When the coup leaders were in the process of forming the interim government, they asked people belonging to different fields to participate in the nomination of representatives to the legislative assembly. In the media, they contacted the top publications such as the Matichon, Thai Rath and Daily News groups. I was among those chosen. Our task was to nominate people to the National Legislative Assembly who we think will best represent and understand legislative matters.
For the legislative assembly, we had to nominate candidates who are knowledgeable in legislative matters. These candidates were chosen from different fields such as media, business, academe, etc. From the media, there were 15 representatives each for print, television and radio. In all, there were 2,000 people chosen in all. The number was whittled down to 200, and then the final 100 who will form the assembly to draft the Constitution. Among the 100, there are three print media representatives and one from radio.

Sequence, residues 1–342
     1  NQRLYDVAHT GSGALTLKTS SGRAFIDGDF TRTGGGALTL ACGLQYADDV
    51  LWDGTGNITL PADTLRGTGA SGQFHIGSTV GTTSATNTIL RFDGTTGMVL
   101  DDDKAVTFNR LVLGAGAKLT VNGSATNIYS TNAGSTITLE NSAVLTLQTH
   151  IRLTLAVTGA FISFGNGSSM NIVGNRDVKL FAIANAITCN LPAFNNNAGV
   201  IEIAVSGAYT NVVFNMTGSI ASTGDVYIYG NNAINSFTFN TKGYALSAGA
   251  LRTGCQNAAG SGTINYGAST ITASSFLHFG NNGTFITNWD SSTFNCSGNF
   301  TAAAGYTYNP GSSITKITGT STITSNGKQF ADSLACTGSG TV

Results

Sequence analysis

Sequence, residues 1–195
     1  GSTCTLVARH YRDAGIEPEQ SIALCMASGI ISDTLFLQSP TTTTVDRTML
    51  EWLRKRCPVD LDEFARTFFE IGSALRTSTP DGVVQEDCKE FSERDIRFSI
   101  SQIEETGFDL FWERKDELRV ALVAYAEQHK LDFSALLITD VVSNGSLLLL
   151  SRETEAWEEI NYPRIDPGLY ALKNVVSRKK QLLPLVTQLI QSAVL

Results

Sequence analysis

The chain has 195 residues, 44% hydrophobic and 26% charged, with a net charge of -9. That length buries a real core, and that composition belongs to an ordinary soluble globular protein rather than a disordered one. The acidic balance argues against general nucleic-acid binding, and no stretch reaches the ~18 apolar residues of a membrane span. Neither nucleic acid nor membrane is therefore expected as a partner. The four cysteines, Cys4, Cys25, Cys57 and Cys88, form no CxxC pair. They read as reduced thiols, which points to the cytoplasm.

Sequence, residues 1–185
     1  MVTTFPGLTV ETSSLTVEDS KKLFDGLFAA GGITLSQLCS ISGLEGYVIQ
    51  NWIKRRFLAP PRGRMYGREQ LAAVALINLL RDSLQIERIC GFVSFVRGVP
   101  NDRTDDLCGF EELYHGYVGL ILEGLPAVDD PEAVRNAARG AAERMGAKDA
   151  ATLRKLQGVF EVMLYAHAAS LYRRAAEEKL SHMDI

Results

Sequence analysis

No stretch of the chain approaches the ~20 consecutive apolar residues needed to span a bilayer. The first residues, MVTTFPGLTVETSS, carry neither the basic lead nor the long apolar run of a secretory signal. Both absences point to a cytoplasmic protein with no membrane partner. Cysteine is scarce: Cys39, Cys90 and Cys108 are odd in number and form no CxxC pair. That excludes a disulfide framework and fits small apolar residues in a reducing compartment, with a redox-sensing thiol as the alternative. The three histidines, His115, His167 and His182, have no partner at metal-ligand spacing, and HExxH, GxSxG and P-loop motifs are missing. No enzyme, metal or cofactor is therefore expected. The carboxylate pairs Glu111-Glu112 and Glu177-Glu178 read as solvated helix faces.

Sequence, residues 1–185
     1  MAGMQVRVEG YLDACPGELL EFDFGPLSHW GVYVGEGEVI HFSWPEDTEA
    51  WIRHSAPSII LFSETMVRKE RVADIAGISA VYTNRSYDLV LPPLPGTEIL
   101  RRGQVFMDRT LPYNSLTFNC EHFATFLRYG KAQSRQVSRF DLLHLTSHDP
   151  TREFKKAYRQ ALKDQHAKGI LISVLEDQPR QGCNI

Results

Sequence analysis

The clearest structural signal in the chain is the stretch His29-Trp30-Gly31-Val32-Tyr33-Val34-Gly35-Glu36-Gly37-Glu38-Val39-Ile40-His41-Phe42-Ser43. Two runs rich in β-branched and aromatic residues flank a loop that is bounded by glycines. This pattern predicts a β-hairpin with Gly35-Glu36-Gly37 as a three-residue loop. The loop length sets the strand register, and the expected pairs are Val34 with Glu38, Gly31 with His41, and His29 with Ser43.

Q: How would you characterise the media's relationship with the past and present governments?
A: We have a very strong print media organisation here in Thailand and will protest any signs of curtailment of press freedom. I guess this is why the government has always been very cautious about meddling in our affairs and operations.
Our group used to receive about 50 million baht (1.4 million U.S. dollars) in ad revenues per year but ever since we put out stories about former premier Thaksin Shinawatra's property deals, the ads were cut down drastically, up to only about one million baht (28,000 dollars). It was a clear form of meddling as obviously the companies were pressured not to place ads in our company anymore. But, despite this, the Matichon Group is the only print media group that can pay good bonuses to its employees every year.
Q: How would you describe the working conditions in the Thai media?